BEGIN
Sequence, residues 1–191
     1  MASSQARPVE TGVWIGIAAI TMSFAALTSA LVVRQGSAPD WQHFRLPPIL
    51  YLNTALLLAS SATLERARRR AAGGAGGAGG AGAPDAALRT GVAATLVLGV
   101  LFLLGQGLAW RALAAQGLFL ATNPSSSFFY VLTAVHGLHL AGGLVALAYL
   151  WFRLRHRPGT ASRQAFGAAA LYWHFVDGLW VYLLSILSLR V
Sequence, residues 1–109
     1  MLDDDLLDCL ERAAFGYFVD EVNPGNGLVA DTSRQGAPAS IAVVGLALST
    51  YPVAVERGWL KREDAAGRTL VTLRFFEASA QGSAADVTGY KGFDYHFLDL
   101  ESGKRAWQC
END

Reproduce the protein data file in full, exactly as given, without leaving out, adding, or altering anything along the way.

Sequence, residues 1–191
     1  MASSQARPVE TGVWIGIAAI TMSFAALTSA LVVRQGSAPD WQHFRLPPIL
    51  YLNTALLLAS SATLERARRR AAGGAGGAGG AGAPDAALRT GVAATLVLGV
   101  LFLLGQGLAW RALAAQGLFL ATNPSSSFFY VLTAVHGLHL AGGLVALAYL
   151  WFRLRHRPGT ASRQAFGAAA LYWHFVDGLW VYLLSILSLR V
Sequence, residues 1–109
     1  MLDDDLLDCL ERAAFGYFVD EVNPGNGLVA DTSRQGAPAS IAVVGLALST
    51  YPVAVERGWL KREDAAGRTL VTLRFFEASA QGSAADVTGY KGFDYHFLDL
   101  ESGKRAWQC